Howard Shrier’s second novel, High Chicago, again features the Toronto-based Jewish detective Jonah Geller. It ups the ante from his previous novel in terms of the forces Jonah is confronting, but more significantly in terms of the damage the world ends up inflicting on him.
Whereas Shrier’s award-winning debut novel Buffalo Jump dealt as much with Canadian pharmaceuticals being smuggled into the United States as it did with murder, High Chicago (Vintage Canada) begins with a request to investigate the suicide of a young woman, Maya Cantor. It is a case Jonah soon suspects is actually a homicide.
Maya’s death is followed by two more mysterious deaths, a highly disturbing situation, and one that is tied to a dangerously polluted highrise development that is being erected in Toronto’s Harbourfront area.
All this eventually pits Jonah against Simon Birk, a ruthless Donald Trump- like Chicago real estate mogul whom Jonah is determined to bring down. But he has no evidence implicating Simon in any crime, so he sets off for Chicago in hopes of finding a way to expose the man.
Former hit man Dante Ryan, whom Jonah befriended in Buffalo Jump, also finds his way to the Windy City, as does Jenn Raudsepp, Jonah’s new partner in his recently set up detective agency. Called World Repairs, it is a translation of tikkun olam, the Jewish concept of “repairing the world” and making it a better place.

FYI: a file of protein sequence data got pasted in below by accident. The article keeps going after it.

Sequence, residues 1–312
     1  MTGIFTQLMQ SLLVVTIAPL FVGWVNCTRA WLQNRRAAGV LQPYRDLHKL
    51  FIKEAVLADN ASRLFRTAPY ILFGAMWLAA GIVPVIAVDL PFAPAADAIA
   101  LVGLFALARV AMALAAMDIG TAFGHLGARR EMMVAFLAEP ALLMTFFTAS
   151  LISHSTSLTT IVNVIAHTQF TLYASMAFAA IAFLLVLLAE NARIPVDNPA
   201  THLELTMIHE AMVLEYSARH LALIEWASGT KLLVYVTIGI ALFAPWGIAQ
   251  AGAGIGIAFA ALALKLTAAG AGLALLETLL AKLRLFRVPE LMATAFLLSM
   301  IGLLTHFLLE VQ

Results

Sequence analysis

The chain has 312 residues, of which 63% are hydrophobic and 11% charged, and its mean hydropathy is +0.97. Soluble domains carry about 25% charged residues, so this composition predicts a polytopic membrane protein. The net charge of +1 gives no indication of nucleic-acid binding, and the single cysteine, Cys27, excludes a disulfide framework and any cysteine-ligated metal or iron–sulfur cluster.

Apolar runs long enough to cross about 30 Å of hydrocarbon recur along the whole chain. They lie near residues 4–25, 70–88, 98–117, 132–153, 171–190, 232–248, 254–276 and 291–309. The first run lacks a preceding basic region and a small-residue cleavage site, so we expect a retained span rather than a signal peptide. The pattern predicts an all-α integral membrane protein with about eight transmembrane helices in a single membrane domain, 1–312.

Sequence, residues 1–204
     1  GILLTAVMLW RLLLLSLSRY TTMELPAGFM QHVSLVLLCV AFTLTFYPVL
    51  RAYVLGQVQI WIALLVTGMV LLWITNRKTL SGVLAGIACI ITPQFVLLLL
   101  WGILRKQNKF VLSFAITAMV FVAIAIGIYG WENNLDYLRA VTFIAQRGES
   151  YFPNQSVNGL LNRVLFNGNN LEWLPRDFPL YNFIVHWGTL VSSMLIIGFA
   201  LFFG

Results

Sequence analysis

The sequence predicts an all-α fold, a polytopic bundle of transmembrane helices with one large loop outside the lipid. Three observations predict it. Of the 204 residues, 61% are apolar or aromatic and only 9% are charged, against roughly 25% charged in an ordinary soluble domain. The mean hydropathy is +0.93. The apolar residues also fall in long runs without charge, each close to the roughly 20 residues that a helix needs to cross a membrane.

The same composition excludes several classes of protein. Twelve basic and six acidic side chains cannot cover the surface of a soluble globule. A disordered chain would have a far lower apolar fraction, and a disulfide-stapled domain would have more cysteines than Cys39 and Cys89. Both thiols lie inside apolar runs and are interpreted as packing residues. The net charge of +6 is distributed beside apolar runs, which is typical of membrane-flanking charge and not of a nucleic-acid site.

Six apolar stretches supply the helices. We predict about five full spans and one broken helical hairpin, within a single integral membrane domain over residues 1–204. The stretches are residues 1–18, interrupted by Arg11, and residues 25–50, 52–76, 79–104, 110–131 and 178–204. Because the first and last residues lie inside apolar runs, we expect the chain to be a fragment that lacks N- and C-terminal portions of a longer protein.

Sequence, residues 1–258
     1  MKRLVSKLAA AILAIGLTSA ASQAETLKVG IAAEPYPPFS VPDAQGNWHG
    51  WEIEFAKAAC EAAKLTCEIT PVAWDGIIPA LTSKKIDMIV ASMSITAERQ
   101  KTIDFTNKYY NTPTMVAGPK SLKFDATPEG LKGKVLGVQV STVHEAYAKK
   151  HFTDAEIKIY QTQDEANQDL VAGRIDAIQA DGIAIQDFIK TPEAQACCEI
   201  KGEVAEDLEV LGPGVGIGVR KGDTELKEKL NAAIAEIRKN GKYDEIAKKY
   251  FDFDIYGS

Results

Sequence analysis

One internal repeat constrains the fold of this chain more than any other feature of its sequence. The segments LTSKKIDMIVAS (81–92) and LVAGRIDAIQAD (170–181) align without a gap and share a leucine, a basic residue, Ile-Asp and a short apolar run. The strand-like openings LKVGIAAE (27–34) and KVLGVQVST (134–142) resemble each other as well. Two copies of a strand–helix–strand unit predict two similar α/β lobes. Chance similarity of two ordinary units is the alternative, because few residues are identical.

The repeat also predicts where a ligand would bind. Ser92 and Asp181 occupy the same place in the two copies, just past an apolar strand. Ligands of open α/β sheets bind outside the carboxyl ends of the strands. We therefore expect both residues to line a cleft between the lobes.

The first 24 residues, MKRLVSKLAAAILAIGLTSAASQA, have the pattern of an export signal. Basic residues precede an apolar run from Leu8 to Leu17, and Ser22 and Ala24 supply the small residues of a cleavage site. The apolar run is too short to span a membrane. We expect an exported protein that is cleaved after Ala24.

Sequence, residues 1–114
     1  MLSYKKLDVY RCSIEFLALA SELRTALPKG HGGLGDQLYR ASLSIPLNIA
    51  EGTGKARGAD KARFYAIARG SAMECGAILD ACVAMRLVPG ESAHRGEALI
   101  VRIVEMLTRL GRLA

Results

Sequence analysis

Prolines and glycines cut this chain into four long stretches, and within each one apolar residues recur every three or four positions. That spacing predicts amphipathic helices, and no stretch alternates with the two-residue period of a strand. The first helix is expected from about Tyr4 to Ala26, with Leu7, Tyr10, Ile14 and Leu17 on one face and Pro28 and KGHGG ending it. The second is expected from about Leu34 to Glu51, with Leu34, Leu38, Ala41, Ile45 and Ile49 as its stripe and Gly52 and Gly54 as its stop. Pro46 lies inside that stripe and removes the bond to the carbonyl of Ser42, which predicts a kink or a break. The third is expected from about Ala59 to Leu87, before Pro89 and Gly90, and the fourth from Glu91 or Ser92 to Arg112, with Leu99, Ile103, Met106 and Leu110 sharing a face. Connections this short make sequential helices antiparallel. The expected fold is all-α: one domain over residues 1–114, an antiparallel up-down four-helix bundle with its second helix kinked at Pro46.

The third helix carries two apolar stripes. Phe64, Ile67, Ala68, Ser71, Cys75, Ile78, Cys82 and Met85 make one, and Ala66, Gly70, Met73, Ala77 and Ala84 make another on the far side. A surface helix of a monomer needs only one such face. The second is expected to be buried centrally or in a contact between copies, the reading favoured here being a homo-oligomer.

In Buffalo Jump, Jonah was still somewhat idealistic despite witnessing his girlfriend die in a terrorist attack in Israel, and stubbornly clung to the belief that he could make a difference as a private investigator. In High Chicago, those ideals are completely tarnished as Jonah realizes he can only defeat Simon by operating outside the confines of the law.
In that regard, Shrier has structured this book very differently from Buffalo Jump, which was a cleverly plotted mystery that took a roundabout, unpredictable route to its exciting resolution.
High Chicago, like Simon Birk himself, is blunt and tough, and does not attempt to disguise (most of) its mysteries. That seems like a flaw at first, but Shrier is too good a writer not to be doing this on purpose.
Chicago is after all much bigger than Buffalo, so its challenges would naturally be more overwhelming for Jonah.
High Chicago fascinates because one can feel how overmatched Jonah is and thus wonder how and if he’ll come out of this adventure in one piece.
Add to that Shrier’s wry and witty observations on Chicago’s superior waterfront area and architecture, which is immediately apparent to anyone who has ever visited the city, and you end up with a gripping second novel that’s not at all like his first.
The book has its flaws, with a plot that occasionally strains credulity, notably during the climax, and Shrier’s tendency to indicate which streets all the action takes place on gets annoying, but he doesn’t repeat himself or fail to deepen his main character.
On the other hand, Jonah grows in stature and complexity and thus becomes more interesting.
With High Chicago, Shrier cements his reputation as a fine mystery writer. I suspect and hope that he and Jonah will be around for a long time to come.